We normally leave this section to an interesting quote about the song, but Hoosh’s cross-culture heritage is such a unique and rarely explored conversation in hip hop that I found a lot of value in his perspective. Enjoy this exchange we had via email, lightly edited for content and clarity:
Brandon: What has been the most challenging about pursuing a career as an artist?
Hoosh: For me, it comes down to two things: uncertainty and the culture I was brought up in.
The uncertainty is overwhelming sometimes. The vision can be so clear one moment, and bleak the next. Pair that with how up and down the success rate is in this industry and it’s a recipe for an anxiety-driven experience. You have to sacrifice a lot of time and money in this game based solely on intuition, and that is not something for the faint of heart.
Culturally, music is about the last thing I’m supposed to be doing. Being from Sudan and growing up in the Middle East, a career in this industry has always been shunned. Our communities had a much larger emphasis on education and academic prestige. In fact, pursuing such a career often ostracized you from society.
What has been the most rewarding?
Finding myself. My whole life has been clouded by an overwhelming lack of confidence. Moving a lot and being the odd one out wherever I landed had a profound impact on my mental. Everywhere I went had a new set of norms to assimilate to. I always questioned whether I was good enough for my surroundings. Music was the first thing I excelled at. Putting a song together and seeing how it affected people around me changed everything. For the first time, I had a space to be fully me and honest. Not only was I given a platform to express myself but furthermore, I was lucky enough to receive support for it.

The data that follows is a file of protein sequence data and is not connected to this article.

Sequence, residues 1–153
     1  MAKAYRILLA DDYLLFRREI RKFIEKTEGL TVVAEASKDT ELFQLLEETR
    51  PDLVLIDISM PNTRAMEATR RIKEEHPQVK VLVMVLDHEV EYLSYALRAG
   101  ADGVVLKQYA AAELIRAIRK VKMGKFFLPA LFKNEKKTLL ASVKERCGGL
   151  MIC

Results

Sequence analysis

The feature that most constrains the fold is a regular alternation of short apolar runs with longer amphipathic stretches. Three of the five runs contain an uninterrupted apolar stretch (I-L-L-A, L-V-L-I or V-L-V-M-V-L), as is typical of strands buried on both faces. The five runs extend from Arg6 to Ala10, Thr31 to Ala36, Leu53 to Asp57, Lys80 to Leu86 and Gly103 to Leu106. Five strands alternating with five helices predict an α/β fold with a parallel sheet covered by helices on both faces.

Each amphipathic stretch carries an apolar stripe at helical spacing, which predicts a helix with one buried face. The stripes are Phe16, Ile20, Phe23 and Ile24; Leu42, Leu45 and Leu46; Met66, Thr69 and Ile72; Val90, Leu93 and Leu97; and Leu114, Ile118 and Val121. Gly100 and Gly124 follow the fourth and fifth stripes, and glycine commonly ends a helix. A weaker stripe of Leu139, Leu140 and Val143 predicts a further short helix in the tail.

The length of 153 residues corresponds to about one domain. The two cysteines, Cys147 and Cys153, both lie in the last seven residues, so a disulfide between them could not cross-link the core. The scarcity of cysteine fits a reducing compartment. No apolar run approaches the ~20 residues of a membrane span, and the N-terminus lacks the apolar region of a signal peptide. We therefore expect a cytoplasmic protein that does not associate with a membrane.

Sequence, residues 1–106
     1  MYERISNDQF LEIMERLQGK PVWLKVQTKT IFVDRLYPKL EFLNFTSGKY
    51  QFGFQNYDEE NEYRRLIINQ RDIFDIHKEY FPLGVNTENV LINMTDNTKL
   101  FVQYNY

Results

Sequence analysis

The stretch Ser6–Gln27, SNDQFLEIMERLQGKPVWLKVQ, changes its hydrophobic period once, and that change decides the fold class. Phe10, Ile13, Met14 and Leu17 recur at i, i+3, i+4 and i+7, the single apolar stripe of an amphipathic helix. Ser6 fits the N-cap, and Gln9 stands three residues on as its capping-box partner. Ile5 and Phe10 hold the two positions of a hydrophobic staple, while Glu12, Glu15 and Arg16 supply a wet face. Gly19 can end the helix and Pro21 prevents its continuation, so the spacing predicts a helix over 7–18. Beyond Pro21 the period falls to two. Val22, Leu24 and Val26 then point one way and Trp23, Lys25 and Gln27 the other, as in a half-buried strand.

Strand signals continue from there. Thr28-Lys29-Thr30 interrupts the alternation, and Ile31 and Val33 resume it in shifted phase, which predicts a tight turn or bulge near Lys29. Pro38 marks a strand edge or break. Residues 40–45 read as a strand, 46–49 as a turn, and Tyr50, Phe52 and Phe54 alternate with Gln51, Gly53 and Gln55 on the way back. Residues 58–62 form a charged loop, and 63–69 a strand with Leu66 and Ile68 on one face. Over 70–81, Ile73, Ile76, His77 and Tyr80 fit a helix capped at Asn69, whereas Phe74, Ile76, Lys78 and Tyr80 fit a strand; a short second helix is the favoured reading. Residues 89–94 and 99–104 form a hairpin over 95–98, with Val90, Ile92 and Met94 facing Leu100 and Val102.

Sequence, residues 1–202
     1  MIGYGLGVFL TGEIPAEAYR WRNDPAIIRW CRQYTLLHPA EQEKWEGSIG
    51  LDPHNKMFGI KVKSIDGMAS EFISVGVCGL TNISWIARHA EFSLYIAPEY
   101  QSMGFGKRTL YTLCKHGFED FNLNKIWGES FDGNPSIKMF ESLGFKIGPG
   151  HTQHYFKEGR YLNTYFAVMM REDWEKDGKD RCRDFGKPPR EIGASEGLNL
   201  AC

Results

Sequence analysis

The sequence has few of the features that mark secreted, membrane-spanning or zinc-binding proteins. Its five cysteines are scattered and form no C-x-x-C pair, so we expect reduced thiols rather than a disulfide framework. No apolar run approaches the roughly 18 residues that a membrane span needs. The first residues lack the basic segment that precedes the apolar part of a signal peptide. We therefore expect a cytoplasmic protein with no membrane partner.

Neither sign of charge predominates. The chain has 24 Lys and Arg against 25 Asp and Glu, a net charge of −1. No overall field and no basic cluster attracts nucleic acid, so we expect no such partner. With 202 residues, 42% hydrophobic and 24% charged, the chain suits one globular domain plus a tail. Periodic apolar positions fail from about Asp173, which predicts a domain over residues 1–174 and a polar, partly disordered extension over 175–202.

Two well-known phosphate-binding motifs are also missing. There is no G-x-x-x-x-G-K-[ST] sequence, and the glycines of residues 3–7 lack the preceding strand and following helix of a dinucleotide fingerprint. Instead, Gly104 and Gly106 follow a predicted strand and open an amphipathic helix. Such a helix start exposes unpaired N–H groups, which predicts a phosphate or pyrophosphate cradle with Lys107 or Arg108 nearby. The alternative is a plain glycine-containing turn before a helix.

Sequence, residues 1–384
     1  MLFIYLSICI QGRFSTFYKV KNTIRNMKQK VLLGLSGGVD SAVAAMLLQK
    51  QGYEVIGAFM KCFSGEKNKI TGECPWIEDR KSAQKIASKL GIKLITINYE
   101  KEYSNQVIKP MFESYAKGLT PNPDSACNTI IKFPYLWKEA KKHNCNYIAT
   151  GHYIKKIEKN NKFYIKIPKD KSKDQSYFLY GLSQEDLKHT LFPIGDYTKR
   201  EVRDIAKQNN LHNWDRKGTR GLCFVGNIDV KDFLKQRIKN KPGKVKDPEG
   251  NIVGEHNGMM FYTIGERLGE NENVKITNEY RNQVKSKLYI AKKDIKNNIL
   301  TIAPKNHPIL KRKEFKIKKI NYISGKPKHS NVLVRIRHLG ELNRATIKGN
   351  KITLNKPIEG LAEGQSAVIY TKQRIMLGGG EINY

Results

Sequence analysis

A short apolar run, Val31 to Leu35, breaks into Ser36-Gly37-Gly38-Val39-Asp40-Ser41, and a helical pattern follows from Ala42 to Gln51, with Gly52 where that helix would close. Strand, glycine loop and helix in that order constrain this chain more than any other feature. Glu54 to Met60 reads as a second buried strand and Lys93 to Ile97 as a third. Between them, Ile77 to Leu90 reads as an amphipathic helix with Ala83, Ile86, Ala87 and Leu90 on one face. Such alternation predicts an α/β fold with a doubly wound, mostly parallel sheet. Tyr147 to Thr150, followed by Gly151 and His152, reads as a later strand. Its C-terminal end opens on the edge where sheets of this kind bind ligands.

Being from Sudan, what was your introduction to hip hop like? (Was it western artists or local artists?)
Western for sure. It’s funny, a lot of people in the West think we’re listening to strictly Arabic music in the Middle East. I remember getting a hold of my brother’s “All Eyez On Me’ tape and bumping it religiously at the age of nine. Way before I understood what was being talked about haha.
What is the hip-hop scene like in Sudan?
It’s unreal… like mind-blowing. Sudan’s had a rough history of dictatorships that has subdued the country’s art scene, among many other things. All the while, however, the people have continued to do their thing. I got the pleasure of going back this last December and it was one of the best experiences of my life. With the old regime newly overthrown, the country was beaming in artistic expression. I saw talent there that I’ve never seen in the states. This decade is ours in a major way. I can’t wait for the world to hear it.
What have you learned about music from your multicultural heritage?
One of the main things I’ve learned is that emotion and truth translate to any culture. You don’t have to understand what is being said for you to feel a song. Somehow the authenticity always shines through in the tone of voice.
More From Hoosh
More to Discover